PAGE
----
A growing body of research is showing us that sitting is one of the worst things we can do for our bodies. The problem is that it requires very little effort and we like to do it for incredibly long stretches of time. The average American works in front of a computer, checks his mobile phone over 100 times a day, and watches 5 hours of TV. Basically, everybody stays inside wrapped in the warm, electromagnetic glow of digital devices.

And you’re getting fat, diabetes, heart disease, and cancer as a result. Sitting is associated with a 24% increased risk of colon cancer, a 32% increased risk of endometrial cancer, and a 21% increased risk of lung cancer. And oh yeah, even if you manage to survive all of that, you still die earlier than somebody who spends more of their life standing.

The problem is, getting a gym membership and running a few miles a week won’t stop the problem. It doesn’t even slow it down. Researchers have found that people exercise to equal the amount of effort used by somebody who spends their days standing or moving to have no effect on lowering any of their risks of deleterious health effects.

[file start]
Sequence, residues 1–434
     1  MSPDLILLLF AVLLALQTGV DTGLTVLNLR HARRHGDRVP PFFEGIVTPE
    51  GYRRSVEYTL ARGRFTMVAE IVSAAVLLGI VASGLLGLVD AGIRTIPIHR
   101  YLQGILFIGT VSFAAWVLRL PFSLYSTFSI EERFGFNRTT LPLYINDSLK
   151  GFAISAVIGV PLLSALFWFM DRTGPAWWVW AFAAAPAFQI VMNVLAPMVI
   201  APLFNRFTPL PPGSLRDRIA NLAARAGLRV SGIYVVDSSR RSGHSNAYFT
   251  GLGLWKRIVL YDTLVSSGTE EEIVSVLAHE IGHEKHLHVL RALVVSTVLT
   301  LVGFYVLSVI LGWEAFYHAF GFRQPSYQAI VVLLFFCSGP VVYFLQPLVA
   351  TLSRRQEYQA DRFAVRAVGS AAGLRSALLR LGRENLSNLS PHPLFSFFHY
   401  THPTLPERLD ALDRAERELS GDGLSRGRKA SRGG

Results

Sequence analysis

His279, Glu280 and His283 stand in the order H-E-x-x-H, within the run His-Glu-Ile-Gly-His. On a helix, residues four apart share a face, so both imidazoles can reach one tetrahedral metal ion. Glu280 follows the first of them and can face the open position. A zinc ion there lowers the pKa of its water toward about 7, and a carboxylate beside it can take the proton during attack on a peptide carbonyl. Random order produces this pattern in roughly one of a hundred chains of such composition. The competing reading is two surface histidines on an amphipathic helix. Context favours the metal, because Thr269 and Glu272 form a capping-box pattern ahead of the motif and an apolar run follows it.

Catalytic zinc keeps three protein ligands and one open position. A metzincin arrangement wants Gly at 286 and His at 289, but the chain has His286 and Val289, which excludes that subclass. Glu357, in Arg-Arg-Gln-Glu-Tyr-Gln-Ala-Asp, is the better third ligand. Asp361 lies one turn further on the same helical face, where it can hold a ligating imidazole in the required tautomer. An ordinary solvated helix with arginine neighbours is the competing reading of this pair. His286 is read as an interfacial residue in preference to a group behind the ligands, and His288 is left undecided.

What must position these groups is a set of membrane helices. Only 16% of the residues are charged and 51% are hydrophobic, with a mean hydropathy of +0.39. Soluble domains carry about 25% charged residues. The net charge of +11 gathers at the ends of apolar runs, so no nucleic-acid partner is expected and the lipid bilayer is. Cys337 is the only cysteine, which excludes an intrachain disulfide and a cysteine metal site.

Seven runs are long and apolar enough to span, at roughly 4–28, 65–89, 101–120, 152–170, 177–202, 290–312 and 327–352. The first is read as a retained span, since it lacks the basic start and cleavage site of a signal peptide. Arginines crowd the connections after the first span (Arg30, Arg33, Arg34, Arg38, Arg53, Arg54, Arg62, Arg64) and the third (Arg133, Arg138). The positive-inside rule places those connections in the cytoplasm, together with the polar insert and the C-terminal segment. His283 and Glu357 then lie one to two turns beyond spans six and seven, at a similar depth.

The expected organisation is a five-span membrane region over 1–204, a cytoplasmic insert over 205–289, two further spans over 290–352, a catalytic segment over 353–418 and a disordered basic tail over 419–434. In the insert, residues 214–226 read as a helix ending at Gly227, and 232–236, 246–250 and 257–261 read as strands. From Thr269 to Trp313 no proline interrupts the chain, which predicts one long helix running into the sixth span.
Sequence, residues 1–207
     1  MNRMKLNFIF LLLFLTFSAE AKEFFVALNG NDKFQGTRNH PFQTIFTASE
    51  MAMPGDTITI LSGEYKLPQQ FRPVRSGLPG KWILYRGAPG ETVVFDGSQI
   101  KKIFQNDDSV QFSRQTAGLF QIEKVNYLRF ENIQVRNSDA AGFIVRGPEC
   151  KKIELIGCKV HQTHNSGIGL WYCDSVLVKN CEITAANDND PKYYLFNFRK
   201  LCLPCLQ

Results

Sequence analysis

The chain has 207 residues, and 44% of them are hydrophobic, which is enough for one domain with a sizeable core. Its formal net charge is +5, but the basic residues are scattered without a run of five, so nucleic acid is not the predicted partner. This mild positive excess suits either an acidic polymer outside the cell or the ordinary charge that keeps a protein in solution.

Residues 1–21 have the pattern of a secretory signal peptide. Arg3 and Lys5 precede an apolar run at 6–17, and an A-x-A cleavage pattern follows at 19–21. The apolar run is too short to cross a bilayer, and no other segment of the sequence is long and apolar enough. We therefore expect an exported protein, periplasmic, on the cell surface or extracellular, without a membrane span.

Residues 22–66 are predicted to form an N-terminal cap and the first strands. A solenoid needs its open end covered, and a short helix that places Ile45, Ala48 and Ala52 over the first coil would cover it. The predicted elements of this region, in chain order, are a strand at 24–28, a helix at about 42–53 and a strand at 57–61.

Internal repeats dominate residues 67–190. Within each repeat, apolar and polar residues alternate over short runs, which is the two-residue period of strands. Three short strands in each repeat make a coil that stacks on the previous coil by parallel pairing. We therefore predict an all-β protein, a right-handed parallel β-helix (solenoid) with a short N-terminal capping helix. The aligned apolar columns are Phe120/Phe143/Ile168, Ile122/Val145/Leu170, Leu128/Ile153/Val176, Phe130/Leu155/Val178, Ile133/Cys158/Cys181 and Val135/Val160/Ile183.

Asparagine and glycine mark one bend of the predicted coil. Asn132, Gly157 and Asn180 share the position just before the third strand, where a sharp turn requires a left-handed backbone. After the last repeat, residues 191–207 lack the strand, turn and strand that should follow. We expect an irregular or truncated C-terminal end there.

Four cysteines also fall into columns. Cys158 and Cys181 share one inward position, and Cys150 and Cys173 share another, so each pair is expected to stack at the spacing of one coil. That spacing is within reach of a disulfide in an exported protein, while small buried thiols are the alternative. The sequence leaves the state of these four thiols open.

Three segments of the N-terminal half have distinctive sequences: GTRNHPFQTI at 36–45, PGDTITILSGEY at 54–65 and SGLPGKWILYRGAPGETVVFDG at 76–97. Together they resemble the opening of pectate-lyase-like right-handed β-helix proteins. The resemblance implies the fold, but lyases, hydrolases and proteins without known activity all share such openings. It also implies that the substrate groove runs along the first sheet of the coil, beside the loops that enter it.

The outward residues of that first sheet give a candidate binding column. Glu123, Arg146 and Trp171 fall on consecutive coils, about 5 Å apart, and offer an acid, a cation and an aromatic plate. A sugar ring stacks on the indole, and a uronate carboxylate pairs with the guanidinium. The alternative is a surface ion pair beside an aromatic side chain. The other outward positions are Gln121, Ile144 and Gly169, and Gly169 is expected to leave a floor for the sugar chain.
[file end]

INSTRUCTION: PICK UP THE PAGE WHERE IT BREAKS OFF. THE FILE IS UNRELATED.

So what’s a modern American to do? Accept slow death by sitting and order some food online to celebrate?

Sure it's killing you but have you tasted how delicious this is?

With a side order of Lay-Z-Boy

How do we keep sitting from killing us?

By now, most of us have heard about standing desks. While that’s a possibility, let’s be honest. Nobody reading this is going to ditch their desk chair for a desk on a treadmill.

What we need is an easy rule of thumb to follow that’s not too arduous.

As it turns out, recent research may have found one. Without getting into the details, the issue involves maintaining a glucose tolerance. According to Australian research in 2012, the key is to, walk 1 minute and 30 seconds for every 30 minutes during a typical 9-hour sitting period. The key is that the walking has to be done throughout the day. It can’t be saved up for the gym after work is over.

What this amounts to is you need to take a walk twice an hour.

So the next time you’re wandering the halls at work and your boss asks you what you’re doing, tell him you’re lowering your risk of diabetes, heart disease, and cancer by taking a brief stroll.